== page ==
Comment Of The Day: “The Ethics Of Responding To Inconvenient Truths: Colleges Aren’t Working…Now What?”

More thoughts on the U.S.’s college problem, from Ryan Harkins, in his latest Comment of the Day on the post, “The Ethics Of Responding To Inconvenient Truths: Colleges Aren’t Working…Now What?“:

Growing up in Casper, WY, the expectation among my peers was that after graduating high school, you either went to college our you stayed in your home community to work low-wage, service industry jobs. On very rare occasions, there was mention of going to WyoTech, if you really liked working on cars and could pay the tuition, which was quite a bit more than tuition at the University of Wyoming. I can’t say I ever heard anything promoted at my high school about apprenticeships in a craft, or any other kind of traditional skilled labor.

At the University of Wyoming, a great many people I met, a portion of which never made it past their freshman year, only went to college because it was expected, not because it was what they wanted to do or were interested in. I can understand going to college when you are searching for what you want to do with your life, and I think most people going to college either know what they want to do or want to find what they want to do at college. But for so many people that I saw, a trade school or an apprenticeship would have been worlds of improvement over drifting through campus, failing classes, drinking, partying, and essentially wasting thousands of dollars to go nowhere.

The point was driven home as I graduated and entered into graduate school. I had the opportunity to watch friends who were a couple of years behind me finish their degrees, and then find they couldn’t find work, because their degrees weren’t all that marketable. They struggled with a sense of betrayal, because all their lives they had been told that the path to success was to go to college, get a degree, and then get a good job because of that degree. And these realizations were hitting home before the 2008 recession, so it wasn’t as though it was a difficult economy in which to find work.

Worse were the friends who drifted in and out of college, spending time building up money so they could get readmitted, take a few course, perhaps fail a few, and then leave so they could go back to work to earn a little more money. The frustrating aspect was, they were talented enough in other areas that they could have built up a good career in a more blue-collar type job, but were prevented from doing so by disapproving family members.

At the refinery where I work, there are people who earn a substantial amount of money by entering Operations or Maintenance right out of high school. For some of our engineers who were raised locally and went to college, there has been some angst about the fact that people who graduated from high school at the same time were making almost twice as much money as an engineer because they didn’t spend four years earning a degree.

What frustrates me most about our system and about the way we have, especially under the Obama Administration, pushed more and more people towards college, is that college is treated like this magical pill that one takes and problems suddenly go away. It is an arrogance of academia. A job is only worthwhile if you have to be highly educated. Yet we need electricians and plumbers and mechanics, and you don’t need four years at a university to learn those trades. The strongest argument I’ve heard about the need to go to college is to expand one’s horizons, to be exposed to greater diversity, to become a well-rounded individual. From my personal experience with the “cultural context courses” we were forced to take to earn our degrees, it seems far more geared toward ensuring everyone is indoctrinated with the proper groupthink.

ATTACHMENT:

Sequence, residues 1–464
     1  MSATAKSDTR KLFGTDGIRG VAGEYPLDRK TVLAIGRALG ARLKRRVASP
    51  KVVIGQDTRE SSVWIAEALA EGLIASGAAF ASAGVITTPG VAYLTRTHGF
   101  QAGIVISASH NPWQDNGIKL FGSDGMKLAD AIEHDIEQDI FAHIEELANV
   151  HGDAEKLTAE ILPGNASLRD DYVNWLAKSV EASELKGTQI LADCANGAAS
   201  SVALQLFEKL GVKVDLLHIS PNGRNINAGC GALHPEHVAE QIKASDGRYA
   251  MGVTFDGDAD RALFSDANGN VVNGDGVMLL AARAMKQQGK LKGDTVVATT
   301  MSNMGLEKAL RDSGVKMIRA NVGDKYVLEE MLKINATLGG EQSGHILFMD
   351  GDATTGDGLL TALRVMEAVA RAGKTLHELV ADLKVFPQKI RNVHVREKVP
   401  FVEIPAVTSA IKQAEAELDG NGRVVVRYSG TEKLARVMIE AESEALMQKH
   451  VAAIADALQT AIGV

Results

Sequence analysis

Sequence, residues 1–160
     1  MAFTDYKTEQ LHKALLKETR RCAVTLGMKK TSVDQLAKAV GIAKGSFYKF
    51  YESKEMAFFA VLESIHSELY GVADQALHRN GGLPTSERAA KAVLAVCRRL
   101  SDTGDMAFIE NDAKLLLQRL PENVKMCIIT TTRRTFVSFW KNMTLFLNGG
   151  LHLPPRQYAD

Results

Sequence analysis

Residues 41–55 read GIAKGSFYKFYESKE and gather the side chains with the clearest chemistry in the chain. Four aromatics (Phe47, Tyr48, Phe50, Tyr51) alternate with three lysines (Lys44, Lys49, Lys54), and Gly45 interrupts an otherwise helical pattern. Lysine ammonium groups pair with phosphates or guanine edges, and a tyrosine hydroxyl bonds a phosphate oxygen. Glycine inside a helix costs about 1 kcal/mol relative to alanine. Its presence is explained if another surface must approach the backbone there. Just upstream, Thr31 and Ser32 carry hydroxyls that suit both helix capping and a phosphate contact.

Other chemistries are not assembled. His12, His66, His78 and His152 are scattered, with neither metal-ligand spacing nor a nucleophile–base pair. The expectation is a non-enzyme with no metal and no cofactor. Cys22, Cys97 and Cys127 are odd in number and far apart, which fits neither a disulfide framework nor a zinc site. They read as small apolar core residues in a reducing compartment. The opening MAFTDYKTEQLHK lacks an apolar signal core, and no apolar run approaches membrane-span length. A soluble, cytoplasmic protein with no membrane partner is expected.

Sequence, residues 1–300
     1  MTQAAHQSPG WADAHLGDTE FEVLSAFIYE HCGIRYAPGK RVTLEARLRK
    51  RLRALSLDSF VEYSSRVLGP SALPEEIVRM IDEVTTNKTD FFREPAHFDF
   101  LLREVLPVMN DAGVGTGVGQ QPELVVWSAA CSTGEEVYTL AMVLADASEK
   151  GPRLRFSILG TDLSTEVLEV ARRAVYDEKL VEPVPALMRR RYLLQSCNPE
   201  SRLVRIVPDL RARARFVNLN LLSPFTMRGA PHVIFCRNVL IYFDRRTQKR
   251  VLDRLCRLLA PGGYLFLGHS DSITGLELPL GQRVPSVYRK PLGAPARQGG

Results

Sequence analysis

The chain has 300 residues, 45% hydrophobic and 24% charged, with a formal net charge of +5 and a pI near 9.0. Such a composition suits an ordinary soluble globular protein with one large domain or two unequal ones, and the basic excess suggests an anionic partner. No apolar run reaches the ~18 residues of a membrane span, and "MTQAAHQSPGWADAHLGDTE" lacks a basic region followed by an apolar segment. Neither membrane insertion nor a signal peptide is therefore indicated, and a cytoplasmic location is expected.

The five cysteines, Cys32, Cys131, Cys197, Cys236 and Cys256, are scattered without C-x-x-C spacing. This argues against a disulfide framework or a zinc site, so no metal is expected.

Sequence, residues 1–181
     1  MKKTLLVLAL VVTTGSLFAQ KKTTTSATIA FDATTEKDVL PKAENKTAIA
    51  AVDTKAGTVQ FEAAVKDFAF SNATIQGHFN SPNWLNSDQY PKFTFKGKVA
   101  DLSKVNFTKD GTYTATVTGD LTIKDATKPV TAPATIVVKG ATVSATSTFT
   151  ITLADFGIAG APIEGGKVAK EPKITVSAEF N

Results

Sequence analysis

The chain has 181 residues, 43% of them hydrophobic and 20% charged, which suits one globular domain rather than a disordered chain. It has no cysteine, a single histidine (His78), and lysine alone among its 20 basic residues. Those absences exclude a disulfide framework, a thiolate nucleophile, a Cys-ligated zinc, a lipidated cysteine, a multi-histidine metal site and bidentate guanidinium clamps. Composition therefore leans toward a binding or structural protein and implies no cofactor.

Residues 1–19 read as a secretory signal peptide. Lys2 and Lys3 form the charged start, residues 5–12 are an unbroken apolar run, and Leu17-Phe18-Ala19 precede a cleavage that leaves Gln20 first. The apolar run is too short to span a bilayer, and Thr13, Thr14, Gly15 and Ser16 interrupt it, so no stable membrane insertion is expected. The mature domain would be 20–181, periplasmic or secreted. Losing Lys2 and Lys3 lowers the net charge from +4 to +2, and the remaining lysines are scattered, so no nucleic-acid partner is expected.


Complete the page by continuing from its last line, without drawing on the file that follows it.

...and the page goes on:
44 Comments

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44 responses to “Comment Of The Day: “The Ethics Of Responding To Inconvenient Truths: Colleges Aren’t Working…Now What?”

  1. Eternal optometrist

    Great comment Ryan. I entered college over 25 years ago – I thought maybe we have moved beyond the “everybody should go to college” mentality. Because they shouldn’t. My dad taught in a trade school for high schoolers and the kids that had aptitude and really applied themselves could all get good jobs out of high school.

    I’ve got a nephew whose very handy and all he wants to do is graduate high school and start working. I know his parents are pressuring him to go to college and at least get a business degree. I’ve suggested to my parents (that’s how we have to work things in our family) that the business skills he will need he already has and will learn on the “street” through trial and error.

    Part of the problem is try having a school counselor suggest to someone’s special snowflake that college isn’t for them.

  2. Well said, Ryan.

    “The strongest argument I’ve heard about the need to go to college is to expand one’s horizons, to be exposed to greater diversity, to become a well-rounded individual.”

    Be nice were it to be that way in practice, lately there appears a gap in the “what is” and “what ought to be.”

  3. Spartan

    Assuming that the families have money, everyone should go to college — because every adult needs critical thinking skills, and a high school education is not enough. But that’s ideal world thinking.

    If money is an issue (as it was for me and my siblings), then other plans need to be made. My sister went to a low cost second tier state school, I went to a better state school on scholarship, and my older brother did not go to school at all. My brother is doing quite well, but he will be the first to tell anybody that he was lucky, and he has made college a priority for his three kids. I went to graduate school on loans, but I was hyper-focused on making the right decisions so that I could pay them back.